Tasnime Osama, Honorary Clinical Research Fellow in Primary Care and Public Health, Department of Primary Care & Public Health, Imperial College London, London, UK

Mohammad S Razai, Academic Clinical Fellow in Primary Care, Population Health Research Institute, St George’s University of London, London, UK

Azeem Majeed, Professor of Primary Care and Public Health, Department of Primary Care & Public Health, Imperial College London, London, UK

This article was first published by BMJ Opinion.

Attainment of primary care quality of care indicators and emergency hospital admissions in people with type 2 diabetes

England has invested considerably in diabetes care over recent years through programmes such as the Quality and Outcomes Framework and National Diabetes Audit. However, associations between specific programme indicators and key clinical endpoints, such as emergency hospital admissions, remain unclear. In a study published in the Journal of the Royal Society of Medicine, we aimed to examine whether attainment of Quality and Outcomes Framework and National Diabetes Audit primary care diabetes indicators is associated with diabetes-related, cardiovascular, and all-cause emergency hospital admissions.

Diabetes, cardiovascular and all-cause unplanned hospital admission rates were 7%–12% lower among those who met the Quality and Outcomes Framework HbA1c indicator, and 8%–14% lower among those who met the cholesterol indicator. By contrast, univariate analyses demonstrated that blood pressure indicator attainment was associated with higher rates of all types of unplanned admission. However, this association only persisted for diabetes-related admissions in multivariate analyses, and blood pressure attainment was associated with a significantly lower rate of cardiovascular-related unplanned admissions after adjustment for confounders.

Longer latency to diabetes, cardiovascular and all-cause unplanned admissions was also observed among those who met the HbA1c or cholesterol indicators, and again an association was not observed for the blood pressure indicator. Completing 7–9 National Diabetes Audit processes was associated with lower rates of all types of unplanned admissions, and meeting all nine National Diabetes Audit care processes was linked to 22%–26% lower rates for all types of unplanned admissions.


Covid-19 vaccine passports: access, equity, and ethics

In an editorial published in the British Medical Journal, Tasnime Osama, Mohammad Razai and I discuss the practical and ethical issues in the implementation and use of vaccine passports, and the need to ensure they do not exacerbate current societal or health inequalities.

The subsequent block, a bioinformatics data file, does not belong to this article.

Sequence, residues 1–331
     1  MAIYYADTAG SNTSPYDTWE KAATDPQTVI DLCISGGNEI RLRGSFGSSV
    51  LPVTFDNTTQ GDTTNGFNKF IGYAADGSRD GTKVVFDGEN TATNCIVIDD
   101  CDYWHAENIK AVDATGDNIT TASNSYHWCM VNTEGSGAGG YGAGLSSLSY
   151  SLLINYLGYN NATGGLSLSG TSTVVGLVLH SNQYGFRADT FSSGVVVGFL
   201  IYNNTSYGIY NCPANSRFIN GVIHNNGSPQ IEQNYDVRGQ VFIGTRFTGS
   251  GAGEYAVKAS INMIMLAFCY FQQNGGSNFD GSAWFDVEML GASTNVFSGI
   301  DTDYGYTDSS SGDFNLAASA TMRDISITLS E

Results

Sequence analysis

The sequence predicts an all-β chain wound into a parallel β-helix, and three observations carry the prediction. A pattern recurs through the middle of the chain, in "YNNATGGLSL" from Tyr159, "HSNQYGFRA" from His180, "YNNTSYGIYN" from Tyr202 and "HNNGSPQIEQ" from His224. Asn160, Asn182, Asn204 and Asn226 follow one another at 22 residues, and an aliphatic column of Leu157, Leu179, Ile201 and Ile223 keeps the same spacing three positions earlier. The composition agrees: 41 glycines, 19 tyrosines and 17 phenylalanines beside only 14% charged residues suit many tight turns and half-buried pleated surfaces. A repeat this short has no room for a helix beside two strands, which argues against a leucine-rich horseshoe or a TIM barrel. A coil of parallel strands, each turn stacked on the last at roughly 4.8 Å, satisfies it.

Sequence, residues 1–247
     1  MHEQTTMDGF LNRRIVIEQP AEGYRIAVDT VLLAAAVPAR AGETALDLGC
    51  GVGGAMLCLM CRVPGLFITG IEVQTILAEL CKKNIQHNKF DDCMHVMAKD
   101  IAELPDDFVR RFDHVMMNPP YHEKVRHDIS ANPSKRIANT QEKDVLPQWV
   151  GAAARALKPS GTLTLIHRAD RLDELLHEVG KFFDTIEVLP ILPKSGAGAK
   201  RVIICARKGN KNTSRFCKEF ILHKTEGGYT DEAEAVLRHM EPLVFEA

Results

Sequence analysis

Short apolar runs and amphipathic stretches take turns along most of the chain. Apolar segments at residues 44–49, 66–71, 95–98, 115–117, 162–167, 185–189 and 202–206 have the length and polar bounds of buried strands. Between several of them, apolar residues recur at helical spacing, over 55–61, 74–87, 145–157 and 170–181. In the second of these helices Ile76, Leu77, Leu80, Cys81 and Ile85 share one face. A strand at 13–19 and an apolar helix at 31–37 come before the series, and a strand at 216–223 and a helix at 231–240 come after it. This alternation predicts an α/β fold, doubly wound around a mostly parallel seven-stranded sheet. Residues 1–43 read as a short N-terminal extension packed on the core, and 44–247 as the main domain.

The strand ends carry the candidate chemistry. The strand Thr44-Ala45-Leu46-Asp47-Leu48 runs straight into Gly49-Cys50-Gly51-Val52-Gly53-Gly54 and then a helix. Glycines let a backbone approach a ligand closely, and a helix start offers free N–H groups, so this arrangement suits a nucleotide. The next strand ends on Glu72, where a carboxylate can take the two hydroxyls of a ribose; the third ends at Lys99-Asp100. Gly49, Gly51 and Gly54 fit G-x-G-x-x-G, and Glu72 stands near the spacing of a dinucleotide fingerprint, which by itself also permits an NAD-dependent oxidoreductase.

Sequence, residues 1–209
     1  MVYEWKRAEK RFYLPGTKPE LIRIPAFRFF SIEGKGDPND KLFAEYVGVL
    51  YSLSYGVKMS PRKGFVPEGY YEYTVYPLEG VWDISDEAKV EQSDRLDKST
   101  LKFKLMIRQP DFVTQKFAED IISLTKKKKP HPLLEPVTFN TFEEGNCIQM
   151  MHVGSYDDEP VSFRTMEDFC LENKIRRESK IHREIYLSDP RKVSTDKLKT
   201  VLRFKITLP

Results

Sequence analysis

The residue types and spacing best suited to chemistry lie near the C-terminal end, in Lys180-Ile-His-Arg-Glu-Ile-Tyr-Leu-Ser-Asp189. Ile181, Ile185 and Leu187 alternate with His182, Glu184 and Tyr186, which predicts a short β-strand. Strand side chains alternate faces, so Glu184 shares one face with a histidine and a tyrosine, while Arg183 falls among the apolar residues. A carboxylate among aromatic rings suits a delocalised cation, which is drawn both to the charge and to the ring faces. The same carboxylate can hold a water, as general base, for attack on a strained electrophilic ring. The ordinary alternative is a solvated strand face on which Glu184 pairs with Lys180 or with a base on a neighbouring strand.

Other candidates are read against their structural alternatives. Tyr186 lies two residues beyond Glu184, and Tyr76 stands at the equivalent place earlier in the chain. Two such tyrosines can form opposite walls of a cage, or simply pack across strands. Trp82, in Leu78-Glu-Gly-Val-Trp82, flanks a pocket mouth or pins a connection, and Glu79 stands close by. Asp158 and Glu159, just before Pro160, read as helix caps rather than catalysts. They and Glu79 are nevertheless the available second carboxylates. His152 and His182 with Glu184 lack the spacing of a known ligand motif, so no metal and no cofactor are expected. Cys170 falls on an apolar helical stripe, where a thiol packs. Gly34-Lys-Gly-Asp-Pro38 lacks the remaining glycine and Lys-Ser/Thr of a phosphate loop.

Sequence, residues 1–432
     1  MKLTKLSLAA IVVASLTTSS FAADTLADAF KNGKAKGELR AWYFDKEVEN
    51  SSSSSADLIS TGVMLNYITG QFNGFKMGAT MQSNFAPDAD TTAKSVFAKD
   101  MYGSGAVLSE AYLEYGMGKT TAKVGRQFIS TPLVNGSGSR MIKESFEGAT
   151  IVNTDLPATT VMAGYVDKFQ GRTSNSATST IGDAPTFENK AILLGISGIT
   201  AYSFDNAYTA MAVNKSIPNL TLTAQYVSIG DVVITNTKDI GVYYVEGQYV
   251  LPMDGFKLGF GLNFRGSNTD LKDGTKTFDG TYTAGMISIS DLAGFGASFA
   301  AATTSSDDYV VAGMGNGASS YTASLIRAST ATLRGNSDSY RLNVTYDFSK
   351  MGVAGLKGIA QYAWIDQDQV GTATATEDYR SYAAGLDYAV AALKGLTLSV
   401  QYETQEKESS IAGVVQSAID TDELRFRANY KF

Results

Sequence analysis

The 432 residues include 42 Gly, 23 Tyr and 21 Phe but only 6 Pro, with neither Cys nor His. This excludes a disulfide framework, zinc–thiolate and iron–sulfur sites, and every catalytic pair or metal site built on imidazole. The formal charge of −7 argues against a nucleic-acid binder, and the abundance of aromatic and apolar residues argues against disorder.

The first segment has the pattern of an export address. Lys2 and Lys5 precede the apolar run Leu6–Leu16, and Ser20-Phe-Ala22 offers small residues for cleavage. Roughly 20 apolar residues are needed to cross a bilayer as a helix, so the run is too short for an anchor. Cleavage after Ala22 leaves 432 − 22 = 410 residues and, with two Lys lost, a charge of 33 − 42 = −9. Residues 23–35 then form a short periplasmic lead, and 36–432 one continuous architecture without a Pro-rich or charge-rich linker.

With millions of people receiving covid-19 vaccines globally, some countries have already started planning the implementation of “vaccine passports”—accessible certificates confirming covid-19 vaccination linked to the identity of the holder. The purpose of vaccine passports, governments argue, is to allow people to travel, attend large gatherings, access public venues, and return to work without compromising personal safety and public health. There remain, however, considerable practical and ethical challenges to their implementation.

Vaccine passports are not only permissible under international health regulations, they already exist. The World Health Organization endorses certificates confirming vaccination against yellow fever for entry into certain countries. Contrary to immunity passports, which may, perversely, incentivise infection, vaccine passports incentivise vaccination, an international public good with many positive benefits4 including individual and population immunity.

The public health principle of least infringement states that to achieve a public health goal, policy makers should implement the option that least impairs individual liberties. While lockdowns may be required, the continued restriction of the civil liberties of those who are immune and pose minimal risk of spreading infection may be unethical, as lack of freedom of movement is one of the most common adverse impacts of the pandemic on people’s lives. Additionally, vaccine passports could help prevent other health and socioeconomic harms caused by lockdowns, thereby accruing individual and collective health, economic, and social benefits.